Evidence-Wellborn AU2005 Outline

Evidence-Wellborn AU2005 Outline - Evidence Outline...

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Evidence Outline Wellborn, Fall 2005 I. Relevancy FRE 401 “Relevant evidence” means evidence having any tendency to make the existence of any fact that is of consequence to the determination of the action more probable or less probably than it would be without the evidence. A. General Principles 1. Relevancy has 2 elements (FRE 401): a. Probative value (does the evidence make a fact more or less probable?) (Ex: If D is accused of breaking into a car at 11 p.m., W’s testimony that she didn’t see D at the crime scene at 9 p.m. is irrelevant b/c it doesn’t make it more or less likely that D was or wasn’t there at 11 p.m.) 1) Sometimes we judge the probative value of something by looking to see if there is any corroborating evidence—if there is nothing else and the evidence is weak to begin with, then the 401 threshold is not met and we say the evidence is not probative a) Ex: In Kotsimpulos (CB 1), D was accused of stealing pork tenderloins b/c they were found in his car; D said that T planted them there and offered as evidence the fact that T said he wanted to get D fired; this was properly rejected b/c it did not make it more probably that T put them there; it would have been admissible if there was other evidence that T was involved 2) This 401 threshold is not difficult to meet, however, because we allow evidence if it tends to make the fact more probable a) Ex: In Nicholas (CB 4), D was accused of rape; a blood test that narrowed the potential group of rapists down to 60% of the population, which included D, was held admissible b/c it made it more probable that D committed the rape; really, this is pretty weak probative evidence (it was much more damning that he was in the town at the time of the rape) but meets the 401 threshold, although it is a good candidate for exclusion under 403 3) Probative value conduct: of flight, escape, and other admissions by conduct a) Depends upon the degree of confidence with which four inferences can be drawn (1) From the D’s behavior to flight (2) From flight to consciousness of guilt (3) From consciousness of guilt to consciousness of guilt concerning the crime charged (4) From consciousness of guilt to concerning crime charged to actual guilt of crime b) Other types of conduct that may have relevance (1) Threats to witnesses (2) Attempt to bride witnesses (3) Refusal to provide handwriting samples (4) Bad faith destruction of documentary evidence (5) Use of false name (6) Flight from the country in disguise using false name c) Occurrence or absence of similar accidents (1) Must show that other accidents occurred under substantially similar circumstances and conditions (a) Even when substantial similarity of circumstance is shown, the evidence is subject to exclusion in the trial court’s discretion on acct of dangers of unfair prejudice, confusion of issues and undue expenditure of time in the trial of collateral issues. (2) Similarly, lack of other accidents may be relevant to show the absence of dangerous condition or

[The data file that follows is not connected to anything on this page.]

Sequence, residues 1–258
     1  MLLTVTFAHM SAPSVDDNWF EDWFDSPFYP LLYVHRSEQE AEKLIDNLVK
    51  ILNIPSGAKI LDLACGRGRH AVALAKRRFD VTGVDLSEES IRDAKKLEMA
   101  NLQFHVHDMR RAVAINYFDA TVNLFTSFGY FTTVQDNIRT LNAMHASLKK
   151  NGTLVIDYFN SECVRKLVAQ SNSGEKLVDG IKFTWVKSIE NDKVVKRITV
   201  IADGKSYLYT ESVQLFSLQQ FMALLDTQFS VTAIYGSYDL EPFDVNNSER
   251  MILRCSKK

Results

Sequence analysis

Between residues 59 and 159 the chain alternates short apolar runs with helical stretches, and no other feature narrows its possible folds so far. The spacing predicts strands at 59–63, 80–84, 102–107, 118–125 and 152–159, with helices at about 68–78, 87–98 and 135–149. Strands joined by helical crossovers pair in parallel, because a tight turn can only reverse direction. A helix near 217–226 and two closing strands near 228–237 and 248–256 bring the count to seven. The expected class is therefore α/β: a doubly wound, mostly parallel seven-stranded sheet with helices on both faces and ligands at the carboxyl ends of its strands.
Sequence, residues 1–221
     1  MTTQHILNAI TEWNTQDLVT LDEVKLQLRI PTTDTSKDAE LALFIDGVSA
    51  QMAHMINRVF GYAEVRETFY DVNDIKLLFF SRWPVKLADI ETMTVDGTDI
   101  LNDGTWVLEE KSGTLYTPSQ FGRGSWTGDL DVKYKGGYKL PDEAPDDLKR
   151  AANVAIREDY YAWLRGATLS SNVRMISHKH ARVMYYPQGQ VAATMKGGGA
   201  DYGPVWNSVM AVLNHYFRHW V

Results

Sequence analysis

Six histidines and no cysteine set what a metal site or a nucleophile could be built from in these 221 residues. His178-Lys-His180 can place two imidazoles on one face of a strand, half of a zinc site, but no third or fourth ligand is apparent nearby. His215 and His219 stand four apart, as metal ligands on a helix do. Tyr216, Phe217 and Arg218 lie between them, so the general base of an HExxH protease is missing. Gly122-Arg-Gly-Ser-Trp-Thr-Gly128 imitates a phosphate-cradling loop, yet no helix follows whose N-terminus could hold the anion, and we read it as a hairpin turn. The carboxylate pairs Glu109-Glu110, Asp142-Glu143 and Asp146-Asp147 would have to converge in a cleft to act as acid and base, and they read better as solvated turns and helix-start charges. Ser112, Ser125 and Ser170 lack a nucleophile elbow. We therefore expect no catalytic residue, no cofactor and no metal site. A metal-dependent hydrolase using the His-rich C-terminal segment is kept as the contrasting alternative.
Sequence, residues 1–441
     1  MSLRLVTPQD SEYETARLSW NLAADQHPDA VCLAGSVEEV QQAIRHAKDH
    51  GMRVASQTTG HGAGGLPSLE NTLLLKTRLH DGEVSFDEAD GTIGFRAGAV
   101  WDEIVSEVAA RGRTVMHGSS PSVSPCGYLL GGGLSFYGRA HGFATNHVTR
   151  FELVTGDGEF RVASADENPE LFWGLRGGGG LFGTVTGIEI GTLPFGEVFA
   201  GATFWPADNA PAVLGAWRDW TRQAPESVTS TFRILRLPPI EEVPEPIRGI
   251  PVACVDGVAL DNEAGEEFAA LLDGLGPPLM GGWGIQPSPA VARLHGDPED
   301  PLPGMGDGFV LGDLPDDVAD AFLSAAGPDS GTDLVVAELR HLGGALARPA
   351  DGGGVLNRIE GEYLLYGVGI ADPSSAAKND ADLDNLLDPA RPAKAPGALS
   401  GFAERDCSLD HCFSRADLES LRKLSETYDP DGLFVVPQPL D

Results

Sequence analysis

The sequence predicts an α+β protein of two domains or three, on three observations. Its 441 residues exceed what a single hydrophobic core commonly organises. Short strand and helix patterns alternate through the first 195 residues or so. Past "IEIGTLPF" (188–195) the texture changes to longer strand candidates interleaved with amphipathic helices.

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This note was uploaded on 08/28/2008 for the course N 483 taught by Professor Wellborn during the Summer '08 term at University of Texas at Austin.

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Evidence-Wellborn AU2005 Outline - Evidence Outline...

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